Jul 25, 2019
Hello and Welcome Friends,
Frequently I've been inspired to explore my own back yard but occasionally, I range out. And so it was when I went to Washington State to visit my brother. On one exquisite day we drove east to a fantastic area between Mt. Baker and Mt. Shuksan in the Cascade range. I'm not generally a very good photographer but this was a day when you could not take a bad picture.
William at Mirror Lake with Mt. Shuksan, Washington
We hiked up to Artist Point and it could not have been more appropriately named.
Artist Point, Mt. Shuksan, Washington
Needless to say, the scenery was inspiring! As I considered the possibilities for a print, I thought of two well known sources. One was the railroad posters of scenic America from the 1930s. The other was the woodcuts of Frances Gearhart, a California-based artist active in the first half of the 20th century. And so I worked up a composition and got started. Here's the linoleum block with the drawing and the first round of carving completed.
First linoleum block for "Glorious Day"
From here I began printing and along the way I introduced a second block to modify the sky after the fourth impression. Here are the first eight impressions:
"Glorious Day" impressions 1-8
As I worked on the above impressions the application of colors became increasingly complicated to achieve what I wanted. You can see that I was using more than one color every time I did an impression. At one point I was inking the block with five different colors. This makes for a slow process with one impression taking as much as three days of work. Here is my palette of colors for one of the impressions (with four colors) and the prints hanging to dry in my studio.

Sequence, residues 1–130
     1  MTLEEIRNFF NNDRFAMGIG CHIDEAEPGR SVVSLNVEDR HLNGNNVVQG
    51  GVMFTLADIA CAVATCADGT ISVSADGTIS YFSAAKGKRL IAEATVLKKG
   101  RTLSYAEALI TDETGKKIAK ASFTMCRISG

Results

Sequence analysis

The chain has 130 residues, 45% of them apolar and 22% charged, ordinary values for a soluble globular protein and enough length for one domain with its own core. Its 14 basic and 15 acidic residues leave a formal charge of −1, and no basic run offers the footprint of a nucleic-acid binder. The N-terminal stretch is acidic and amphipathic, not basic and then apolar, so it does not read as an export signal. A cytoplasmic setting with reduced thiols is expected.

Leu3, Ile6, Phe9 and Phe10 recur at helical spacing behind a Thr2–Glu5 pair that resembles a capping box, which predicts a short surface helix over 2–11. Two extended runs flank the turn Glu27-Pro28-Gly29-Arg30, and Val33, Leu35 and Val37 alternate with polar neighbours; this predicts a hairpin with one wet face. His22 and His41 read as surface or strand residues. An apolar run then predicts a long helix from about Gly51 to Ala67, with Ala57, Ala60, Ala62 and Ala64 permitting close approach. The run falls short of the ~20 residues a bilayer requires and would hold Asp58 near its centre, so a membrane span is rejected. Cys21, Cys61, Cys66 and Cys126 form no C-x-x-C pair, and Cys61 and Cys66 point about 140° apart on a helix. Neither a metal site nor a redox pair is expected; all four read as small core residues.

And after five weeks of working on this print, the completed piece:
"Glorious Day" 11-color linocut print, 12" x 9" by William H. Hays.
I love this print, especially since it carries with it the wonderful time I got to spend with my brother. When I completed it, I sent one of the framed prints to him. He called me to tell me how much he enjoyed it and then said he couldn't figure out the viewpoint I had chosen since he didn't see it in any of his photos from the day. And therein lies the secret. After all, I'm an artist. I can make it anything I choose!
Do write. I enjoy hearing from you.
William H. Hays